Tampons, Ice Cream and a Beer
The highlight of my day? I guess so. A trip to Walgreens for tampons and ice cream. Now, to cap it off with a beer.
Moving is a bitch. Especially considering it’s my fifth move in five years. I’m moving the contents of a three bedroom house to two bedrooms in my mother’s house, which, by the way, are both stuffed full of the accumulation of the nearly fifty years she has lived there. Everything she thinks she should keep but doesn’t really want or know what to do with has been sequestered into every nook and cranny in these two bedrooms. As far as I can tell, this matter consists mostly of old, dusty bank statements in boxes so ancient, the black magic marker has faded to pink, utility bills so old, the monthly bill cost, in total, about what a kilowatt hour costs now , recipes she’s never cooked, newspaper clippings, old paperback books, magazines from the 1960’s, a stack four inches high of my Facebook timeline news my dad printed for her to read over the course of several years, that are now well over a year old, and so, no longer news, and other oddities people gave her that she is keeping out of duty, or guilt, and that require dusting. This has required three telephone conversations, so far, today. I’m a little afraid of what may be stuffed in the mattresses, as they are a bit stiff and unforgiving to sleep on, and so will be replaced with my lovely, new, pillow top mattress immediately upon arrival this weekend.
On my end, I am orchestrating the exodus from Sacramento, where I have lived (or nearby) for the past thirty plus years, back to Napa, where I grew up. I am not particularly delighted by this, though everyone I talk to seems a bit envious about it all. According to The Atlantic, today, Napa is the happiest town in the United States, based on a 10 million tweet study. How? My assumption is that the tweets, which were measured on their contents of “happy words”, like “food”, “wine” and “cheers”, were strictly from tourists, not residents. Tourists who got to go home after luxuriating in Napa and shop in their town’s nice shopping malls and work out at premium health clubs and shop at a grocery store like mine, that has a bier garten and live music. These things do not exist in Napa. I guess what Napa lacks in good shopping malls and gyms it makes up for in wine. Truthfully, I can get a wider selection of Napa wine for way less dinero at my favorite shopping center here in the Sacramento area. I guess I’ll come back here to shop, work out, and buy wine. I’ll sleep in Napa.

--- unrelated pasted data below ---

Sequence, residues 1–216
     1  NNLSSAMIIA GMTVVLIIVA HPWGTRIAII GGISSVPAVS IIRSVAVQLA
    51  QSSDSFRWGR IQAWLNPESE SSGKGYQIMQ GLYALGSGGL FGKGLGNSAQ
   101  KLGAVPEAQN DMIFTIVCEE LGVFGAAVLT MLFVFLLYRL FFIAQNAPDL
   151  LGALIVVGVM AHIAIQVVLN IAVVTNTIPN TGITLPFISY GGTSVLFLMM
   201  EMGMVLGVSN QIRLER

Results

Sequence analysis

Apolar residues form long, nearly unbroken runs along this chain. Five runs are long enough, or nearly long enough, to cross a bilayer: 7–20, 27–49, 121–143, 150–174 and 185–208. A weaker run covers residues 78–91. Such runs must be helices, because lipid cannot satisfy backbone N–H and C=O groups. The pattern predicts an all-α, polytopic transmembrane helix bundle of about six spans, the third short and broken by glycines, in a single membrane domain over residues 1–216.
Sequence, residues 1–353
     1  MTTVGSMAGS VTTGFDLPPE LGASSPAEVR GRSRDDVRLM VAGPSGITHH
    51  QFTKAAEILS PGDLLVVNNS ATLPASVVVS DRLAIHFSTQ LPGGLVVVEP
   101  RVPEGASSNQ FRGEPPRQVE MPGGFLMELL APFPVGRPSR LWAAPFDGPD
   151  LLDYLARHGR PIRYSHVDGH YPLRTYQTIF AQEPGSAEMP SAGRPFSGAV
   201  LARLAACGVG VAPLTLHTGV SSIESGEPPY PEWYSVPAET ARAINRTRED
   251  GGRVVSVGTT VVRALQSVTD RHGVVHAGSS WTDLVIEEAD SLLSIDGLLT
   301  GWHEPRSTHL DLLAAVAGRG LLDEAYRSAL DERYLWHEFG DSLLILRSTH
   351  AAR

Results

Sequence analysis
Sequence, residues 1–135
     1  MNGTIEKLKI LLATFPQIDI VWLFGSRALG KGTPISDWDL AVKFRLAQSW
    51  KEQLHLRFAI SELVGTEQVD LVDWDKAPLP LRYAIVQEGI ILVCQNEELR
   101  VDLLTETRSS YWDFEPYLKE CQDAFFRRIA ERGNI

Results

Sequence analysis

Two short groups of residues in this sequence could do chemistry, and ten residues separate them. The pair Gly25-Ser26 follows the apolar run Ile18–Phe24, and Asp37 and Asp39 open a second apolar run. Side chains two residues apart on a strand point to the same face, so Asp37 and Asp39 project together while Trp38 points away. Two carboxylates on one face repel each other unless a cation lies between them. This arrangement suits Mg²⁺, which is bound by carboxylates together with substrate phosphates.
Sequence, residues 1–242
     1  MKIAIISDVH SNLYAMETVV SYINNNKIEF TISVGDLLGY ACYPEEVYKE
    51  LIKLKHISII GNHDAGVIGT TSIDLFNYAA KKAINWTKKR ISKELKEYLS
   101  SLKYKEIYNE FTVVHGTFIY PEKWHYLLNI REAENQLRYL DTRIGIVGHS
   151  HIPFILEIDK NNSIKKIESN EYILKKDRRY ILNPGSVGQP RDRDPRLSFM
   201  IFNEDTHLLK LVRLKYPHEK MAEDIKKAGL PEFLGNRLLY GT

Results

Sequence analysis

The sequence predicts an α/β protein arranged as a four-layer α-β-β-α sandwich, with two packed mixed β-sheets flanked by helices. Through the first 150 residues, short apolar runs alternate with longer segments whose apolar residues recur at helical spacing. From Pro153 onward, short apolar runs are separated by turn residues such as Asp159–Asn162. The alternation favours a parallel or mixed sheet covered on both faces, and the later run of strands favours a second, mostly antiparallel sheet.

Regarding the move, though, I am quite proud of myself. My adult children are all off, busy with their lives. I have no man about the house, mine is not so conveniently located 3,000 miles away. My mom is 89 years old and though she means well, is not much help at moving stuff. I single handedly packed 55 boxes, loaded them all into a cargo van, drove it to Napa, unloaded it completely, went out to lunch with Mom, drove back to Sacramento, and helped my son move an enormous couch, television and entertainment center to his new abode. In one day.
This coming weekend, again, without any assistance other than my VISA card and the internet, I have carefully delineated the rental of two different moving vans, two men in Sacramento followed exactly four hours later by two renta-men in Napa to load and unload the big stuff. I have also coordinated with to the moment precision, the transfer of all my utilities, internet, and phone services via a chat session online. I think I could run a war.
Tonight, after my beer, while enjoying my Ben & Jerry’s Chocolate Chip Cookie Dough ice cream, right out of the carton, I am going to try to bundle up another twenty boxes of my life, all carefully labeled and sealed shut with color-coded, room specific packing tape. I am preparing for full mobilization this weekend, carefully balanced with looming project deadlines at work, a strict fitness schedule which was forsaken yesterday and today, and a social life. So, as they say in Napa, “cheers”!